As an example, hereís an alternative way to define an AND gate:

package tofu.test;

import tofu.*;

public class AndGate extends Component {
  
  private Node input1;
  private Node input2;
  private Node output;
  private boolean and;
  
  public void init() {
    input1 = getNode("input1");
    input2 = getNode("input2");
    output = getNode("output");
  }
  
  public void update() {
    and = input1.getVoltage() == Voltage.H && input2.getVoltage() == Voltage.H;
  }
  
  public void flow() {
    if (and) {
      energizeNode(output);
    }
  }
}

The AND gate holds references to 2 input nodes and an output node. It acquired those references inside of init(). When update() is called, it internally changes state based off the input voltages. The next time flow() is called, it energizes the output node based on its state.

To use this class, you need to define a configuration file containing this line:

tofu.test.AndGate and input1 input2 output

Each line of the configuration file specifies the class name, the name of the component as it will be used in the Tofu file followed by the components parameter list. There is no real distinction between input nodes and output nodes.

To test it, letís define a single line Tofu file, test2.tofu:

run 10 1 and 1 1 ?

And finally, letís run it:

java -cp tofu.jar;test2.jar tofu.Main test2.tofu test2.config
Build complete: 1 components, 1 nodes.
1: 0
2: 1

To execute it, the AndGate class must be in the classpath. In the example above, the class file was added to a jar named test2.jar.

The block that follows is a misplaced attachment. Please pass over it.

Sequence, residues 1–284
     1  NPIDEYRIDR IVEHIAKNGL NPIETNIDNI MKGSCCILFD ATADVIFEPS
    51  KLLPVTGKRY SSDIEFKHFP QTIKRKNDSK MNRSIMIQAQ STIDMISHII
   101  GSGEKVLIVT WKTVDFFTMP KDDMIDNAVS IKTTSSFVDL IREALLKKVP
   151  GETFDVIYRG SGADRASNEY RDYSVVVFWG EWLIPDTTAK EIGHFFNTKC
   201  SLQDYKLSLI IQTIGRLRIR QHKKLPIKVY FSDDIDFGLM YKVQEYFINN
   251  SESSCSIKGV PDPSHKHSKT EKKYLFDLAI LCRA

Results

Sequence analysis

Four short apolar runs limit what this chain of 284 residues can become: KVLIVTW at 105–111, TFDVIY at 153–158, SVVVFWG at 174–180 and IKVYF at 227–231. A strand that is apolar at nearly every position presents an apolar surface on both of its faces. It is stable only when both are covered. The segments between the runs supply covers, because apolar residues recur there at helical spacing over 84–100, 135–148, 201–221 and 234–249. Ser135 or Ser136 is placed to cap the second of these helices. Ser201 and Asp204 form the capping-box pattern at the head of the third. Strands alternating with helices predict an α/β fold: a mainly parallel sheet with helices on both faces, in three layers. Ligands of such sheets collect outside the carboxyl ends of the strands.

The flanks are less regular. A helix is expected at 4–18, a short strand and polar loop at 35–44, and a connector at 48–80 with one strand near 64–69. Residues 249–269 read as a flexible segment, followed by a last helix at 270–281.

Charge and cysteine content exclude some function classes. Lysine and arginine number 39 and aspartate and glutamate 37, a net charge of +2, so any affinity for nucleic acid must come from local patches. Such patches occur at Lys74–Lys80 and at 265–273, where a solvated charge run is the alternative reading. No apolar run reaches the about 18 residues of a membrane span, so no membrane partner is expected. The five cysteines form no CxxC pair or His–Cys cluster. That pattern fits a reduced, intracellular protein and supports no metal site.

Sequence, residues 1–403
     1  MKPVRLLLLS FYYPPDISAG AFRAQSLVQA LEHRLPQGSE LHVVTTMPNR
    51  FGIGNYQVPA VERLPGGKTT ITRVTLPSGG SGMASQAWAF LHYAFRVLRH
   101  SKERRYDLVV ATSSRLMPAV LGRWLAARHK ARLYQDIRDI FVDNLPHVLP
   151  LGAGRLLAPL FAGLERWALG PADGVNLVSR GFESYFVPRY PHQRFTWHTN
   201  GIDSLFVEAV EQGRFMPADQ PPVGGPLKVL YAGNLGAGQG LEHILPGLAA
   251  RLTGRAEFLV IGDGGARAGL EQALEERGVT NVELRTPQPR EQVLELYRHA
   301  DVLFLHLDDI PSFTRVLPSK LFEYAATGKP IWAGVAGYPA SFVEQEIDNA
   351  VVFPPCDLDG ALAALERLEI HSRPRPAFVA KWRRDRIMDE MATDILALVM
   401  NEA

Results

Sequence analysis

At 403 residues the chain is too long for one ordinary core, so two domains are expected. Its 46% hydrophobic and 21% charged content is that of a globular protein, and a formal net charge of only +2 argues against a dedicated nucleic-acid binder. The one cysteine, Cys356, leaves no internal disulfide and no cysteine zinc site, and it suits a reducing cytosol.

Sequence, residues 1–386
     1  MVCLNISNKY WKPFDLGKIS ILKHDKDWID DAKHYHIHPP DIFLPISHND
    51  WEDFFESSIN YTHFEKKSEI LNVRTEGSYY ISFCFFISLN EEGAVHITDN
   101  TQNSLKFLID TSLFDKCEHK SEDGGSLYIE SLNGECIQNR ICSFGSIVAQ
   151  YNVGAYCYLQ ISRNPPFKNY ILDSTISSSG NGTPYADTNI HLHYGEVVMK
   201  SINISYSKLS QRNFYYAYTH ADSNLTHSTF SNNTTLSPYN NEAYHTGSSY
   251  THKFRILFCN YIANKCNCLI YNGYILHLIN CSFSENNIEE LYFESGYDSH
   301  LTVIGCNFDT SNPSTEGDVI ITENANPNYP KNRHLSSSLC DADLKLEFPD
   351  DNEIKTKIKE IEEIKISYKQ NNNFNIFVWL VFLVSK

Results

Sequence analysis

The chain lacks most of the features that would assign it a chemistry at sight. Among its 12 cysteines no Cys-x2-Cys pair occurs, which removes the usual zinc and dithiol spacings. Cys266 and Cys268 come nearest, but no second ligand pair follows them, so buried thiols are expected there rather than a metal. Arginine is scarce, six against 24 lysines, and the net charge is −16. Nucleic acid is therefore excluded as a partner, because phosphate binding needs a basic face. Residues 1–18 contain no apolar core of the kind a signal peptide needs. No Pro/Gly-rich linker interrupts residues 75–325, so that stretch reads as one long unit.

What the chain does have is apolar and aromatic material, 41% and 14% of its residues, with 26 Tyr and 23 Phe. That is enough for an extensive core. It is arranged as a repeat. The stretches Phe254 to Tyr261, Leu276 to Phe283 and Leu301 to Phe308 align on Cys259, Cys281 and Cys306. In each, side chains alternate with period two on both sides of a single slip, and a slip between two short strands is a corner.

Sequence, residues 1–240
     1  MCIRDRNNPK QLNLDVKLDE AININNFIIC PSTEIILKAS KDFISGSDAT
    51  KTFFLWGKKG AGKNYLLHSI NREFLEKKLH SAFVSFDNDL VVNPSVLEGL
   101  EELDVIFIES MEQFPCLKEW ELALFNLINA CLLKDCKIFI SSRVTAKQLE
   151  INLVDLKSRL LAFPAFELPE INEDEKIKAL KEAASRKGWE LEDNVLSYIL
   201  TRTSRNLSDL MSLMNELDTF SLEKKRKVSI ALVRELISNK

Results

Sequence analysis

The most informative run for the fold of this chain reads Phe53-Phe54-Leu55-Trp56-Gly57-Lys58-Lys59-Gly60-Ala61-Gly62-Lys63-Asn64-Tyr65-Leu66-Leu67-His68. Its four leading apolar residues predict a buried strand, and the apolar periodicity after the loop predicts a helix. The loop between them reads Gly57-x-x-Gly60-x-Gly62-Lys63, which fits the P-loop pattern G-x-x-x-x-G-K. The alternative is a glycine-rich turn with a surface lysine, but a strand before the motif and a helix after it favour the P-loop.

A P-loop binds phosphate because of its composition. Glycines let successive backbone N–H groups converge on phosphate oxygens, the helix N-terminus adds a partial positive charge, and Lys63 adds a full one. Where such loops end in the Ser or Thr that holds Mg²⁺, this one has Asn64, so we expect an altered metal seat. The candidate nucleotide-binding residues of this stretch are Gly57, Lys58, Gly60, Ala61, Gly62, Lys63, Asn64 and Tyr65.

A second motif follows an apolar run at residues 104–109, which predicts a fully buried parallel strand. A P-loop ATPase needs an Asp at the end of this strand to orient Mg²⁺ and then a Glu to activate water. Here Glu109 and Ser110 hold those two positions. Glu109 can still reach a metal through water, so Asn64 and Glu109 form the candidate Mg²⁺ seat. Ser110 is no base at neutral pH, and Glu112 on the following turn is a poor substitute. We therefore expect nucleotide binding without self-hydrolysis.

Sometimes itís useful to give individual components names. For example, consider a simple light bulb:

package tofu.test;

import tofu.*;

public class Bulb extends Component {

  private Node inputNode;
  private Voltage lastVoltage = null;
  private String name;
  
  public void init() {
    inputNode = getNode("input");
    name = getInitParam();
  }

  public void update() {
    if (inputNode.getVoltage() != lastVoltage) {
      System.out.printf("%s: %s%n", name, 
          inputNode.getVoltage() == Voltage.H ? "1" : "0");
    }
    lastVoltage = inputNode.getVoltage();
  }

  public void flow() {
  }
}

The bulbís internal state manifests itself as lit or unlit. In the case of this simulated bulb, it prints out 0 or 1 only in the event that it changes state (see the update() method). Inside of init(), note the call to getInitParam(). The initialization parameter is a string wrapped in quotes and passed to the component in the Tofu file as the first parameter. To indicate that a component has an initialization parameter, you add <init> to the associated configuration file line like this:

tofu.test.Bulb bulb <init> input

Inside the Tofu file, letís create a bulb called, ďMy BulbĒ, and make the input node the clock node:

run 10 1 bulb "My Bulb" c

Now, letís run it:

java -cp tofu.jar;test3.jar tofu.Main test3.tofu test3.config
Build complete: 1 components, 0 nodes.
My Bulb: 0
My Bulb: 1
My Bulb: 0
My Bulb: 1
My Bulb: 0
My Bulb: 1
My Bulb: 0
My Bulb: 1
My Bulb: 0
My Bulb: 1

As you can see, we used the clock to make a blinking light.


Updated: January 28, 2007. Copyright 2007 Michael Birken. All rights reserved.